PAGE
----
LANCASTER – The COVID-19 pandemic is a stark reminder that local residents need to protect themselves from all public health threats, including mosquito-transmitted diseases, according to the Antelope Valley Mosquito and Vector Control District.
Mosquito and Vector Control Awareness Week, observed April 19-25, raises awareness and educates residents about the public health threat mosquitoes pose to communities.
Mosquitoes don’t transmit Covid-19, but they can transmit several other diseases, including West Nile virus — a mosquito-borne disease that has impacted the lives of local residents since 2003. West Nile virus remains the largest mosquito-related public health threat in California.
“There is no human vaccine for West Nile virus, which can cause debilitating cases of meningitis, encephalitis, and even death” states District Manager Cei Kratz. “As we enter mosquito season, the District urges all residents to take precautions to protect themselves from mosquito-transmitted diseases.”
Stagnant water creates mosquito breeding sites. Mosquitoes can lay their eggs in sources of water as small as a bottle cap and can complete their life cycle, from egg to adult, in about a week.
“With many Californians at home right now under stay-at-home orders, it’s a good time to check around properties and yards for mosquito sources,” said Peter Bonkrude, president of the Mosquito and Vector Control Association of California (MVCAC). “Children who are home from school can help check yards and learn about the importance of dumping and draining all standing water. Checking flowerpots, buckets, and other backyard sources is an easy and very important activity.”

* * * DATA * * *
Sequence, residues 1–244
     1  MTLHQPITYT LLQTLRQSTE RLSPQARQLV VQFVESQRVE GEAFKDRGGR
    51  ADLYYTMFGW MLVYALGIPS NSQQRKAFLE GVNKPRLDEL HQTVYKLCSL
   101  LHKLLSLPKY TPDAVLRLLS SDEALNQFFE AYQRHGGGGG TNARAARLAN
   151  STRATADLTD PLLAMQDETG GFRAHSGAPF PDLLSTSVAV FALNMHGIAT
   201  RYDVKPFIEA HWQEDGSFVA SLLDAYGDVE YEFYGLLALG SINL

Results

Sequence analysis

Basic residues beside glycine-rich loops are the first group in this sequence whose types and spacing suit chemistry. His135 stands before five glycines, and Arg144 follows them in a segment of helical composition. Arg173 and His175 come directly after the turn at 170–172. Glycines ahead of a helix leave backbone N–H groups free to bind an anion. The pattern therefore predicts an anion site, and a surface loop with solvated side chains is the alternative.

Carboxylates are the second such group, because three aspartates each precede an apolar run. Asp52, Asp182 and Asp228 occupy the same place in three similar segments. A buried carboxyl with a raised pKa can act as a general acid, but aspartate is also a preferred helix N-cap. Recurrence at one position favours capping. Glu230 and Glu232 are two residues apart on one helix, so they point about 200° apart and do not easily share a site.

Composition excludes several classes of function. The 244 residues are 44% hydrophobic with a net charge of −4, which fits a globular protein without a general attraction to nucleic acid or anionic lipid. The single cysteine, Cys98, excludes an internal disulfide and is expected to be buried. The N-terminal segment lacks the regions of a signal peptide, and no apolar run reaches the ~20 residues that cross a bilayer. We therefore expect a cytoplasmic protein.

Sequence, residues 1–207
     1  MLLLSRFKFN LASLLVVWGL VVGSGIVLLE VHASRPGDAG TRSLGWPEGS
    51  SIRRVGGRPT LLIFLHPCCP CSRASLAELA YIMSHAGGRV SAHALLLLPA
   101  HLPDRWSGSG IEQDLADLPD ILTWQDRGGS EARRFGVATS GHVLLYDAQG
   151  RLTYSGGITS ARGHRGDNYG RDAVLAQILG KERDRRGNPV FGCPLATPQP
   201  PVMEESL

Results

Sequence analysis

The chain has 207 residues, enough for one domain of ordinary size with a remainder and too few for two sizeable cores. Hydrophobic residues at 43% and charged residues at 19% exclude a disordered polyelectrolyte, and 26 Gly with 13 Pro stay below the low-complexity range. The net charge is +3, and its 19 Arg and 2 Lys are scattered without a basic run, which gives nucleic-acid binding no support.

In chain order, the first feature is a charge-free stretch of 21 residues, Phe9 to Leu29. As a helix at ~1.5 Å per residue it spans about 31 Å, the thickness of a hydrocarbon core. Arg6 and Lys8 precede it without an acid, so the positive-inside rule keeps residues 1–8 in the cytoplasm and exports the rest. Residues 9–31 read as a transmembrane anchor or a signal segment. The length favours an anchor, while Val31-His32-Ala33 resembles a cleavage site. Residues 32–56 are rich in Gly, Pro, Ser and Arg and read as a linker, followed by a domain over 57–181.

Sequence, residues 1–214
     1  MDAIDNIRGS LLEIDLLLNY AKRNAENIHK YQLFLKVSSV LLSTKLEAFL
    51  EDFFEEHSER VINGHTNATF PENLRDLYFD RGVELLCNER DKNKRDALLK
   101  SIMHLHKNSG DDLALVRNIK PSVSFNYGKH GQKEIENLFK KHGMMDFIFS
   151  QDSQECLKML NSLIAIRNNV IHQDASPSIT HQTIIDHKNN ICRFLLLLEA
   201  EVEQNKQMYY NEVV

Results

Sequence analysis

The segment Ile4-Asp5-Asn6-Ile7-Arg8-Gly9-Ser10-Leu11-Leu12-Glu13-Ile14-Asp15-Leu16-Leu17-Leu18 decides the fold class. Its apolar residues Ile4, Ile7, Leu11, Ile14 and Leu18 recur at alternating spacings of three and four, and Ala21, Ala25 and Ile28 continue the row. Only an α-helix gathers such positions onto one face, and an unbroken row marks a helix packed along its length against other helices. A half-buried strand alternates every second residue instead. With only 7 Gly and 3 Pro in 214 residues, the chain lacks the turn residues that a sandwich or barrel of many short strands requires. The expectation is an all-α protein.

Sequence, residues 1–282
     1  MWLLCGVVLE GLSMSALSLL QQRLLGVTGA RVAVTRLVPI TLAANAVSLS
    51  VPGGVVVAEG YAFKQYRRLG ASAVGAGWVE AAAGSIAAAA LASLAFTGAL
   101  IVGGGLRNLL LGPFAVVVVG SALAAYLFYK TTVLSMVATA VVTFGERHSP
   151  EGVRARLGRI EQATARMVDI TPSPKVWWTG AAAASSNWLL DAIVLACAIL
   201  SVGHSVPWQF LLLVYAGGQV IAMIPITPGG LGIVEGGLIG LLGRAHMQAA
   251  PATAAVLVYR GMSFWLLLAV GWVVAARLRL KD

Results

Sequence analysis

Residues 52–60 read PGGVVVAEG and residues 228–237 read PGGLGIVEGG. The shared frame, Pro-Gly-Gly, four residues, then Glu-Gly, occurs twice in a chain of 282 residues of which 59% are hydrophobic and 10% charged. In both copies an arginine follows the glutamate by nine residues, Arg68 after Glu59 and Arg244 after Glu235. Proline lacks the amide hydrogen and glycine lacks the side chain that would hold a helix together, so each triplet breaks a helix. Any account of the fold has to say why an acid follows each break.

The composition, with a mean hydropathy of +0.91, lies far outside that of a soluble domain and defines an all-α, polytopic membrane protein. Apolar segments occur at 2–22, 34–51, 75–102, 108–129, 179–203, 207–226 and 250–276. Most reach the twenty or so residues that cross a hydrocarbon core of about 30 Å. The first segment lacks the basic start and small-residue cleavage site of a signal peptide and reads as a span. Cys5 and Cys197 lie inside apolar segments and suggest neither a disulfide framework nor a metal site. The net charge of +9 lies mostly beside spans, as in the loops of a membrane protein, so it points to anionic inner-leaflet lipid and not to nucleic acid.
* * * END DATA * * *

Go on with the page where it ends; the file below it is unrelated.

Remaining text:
Climate change has facilitated the spread of two invasive mosquito species: Aedes albopictus and Aedes aegypti. Invasive Aedes exploit small, cryptic water sources (think plant saucers, children’s toys, trash,) and are vectors of Zika, dengue fever, chikungunya, yellow fever, and dog heartworm. There are no human vaccines for dengue fever and Zika viruses, both of which are costly to treat and can have long-term health and financial consequences.
To minimize exposure to mosquito bites, residents are encouraged to:
- Apply insect repellent containing EPA-registered aoctive ingredients, including DEET, picaridin, oil of lemon
eucalyptus, or IR3535, according to label instructions, prior to going outdoors.
- Dress in loose-fitting long sleeves and pants when mosquitoes are present.
- Install screens on windows and doors and keep them in good repair to keep mosquitoes out of the home.
- Eliminate all sources of standing water, including water found in flowerpots, old tires, buckets, pet dishes, and trash cans.
- Repair leaking faucets and broken sprinklers to prevent creating sources of standing water.
- Clean rain gutters clogged with leaves.
For more information on mosquitoes and mosquito-borne diseases, visit the California Department of Public Health at:
To report mosquito nuisances or green pools locally, call 661-942-2917 or email Leann@avmosquito.org.
[Information via news release from the Antelope Valley Mosquito and Vector Control District.]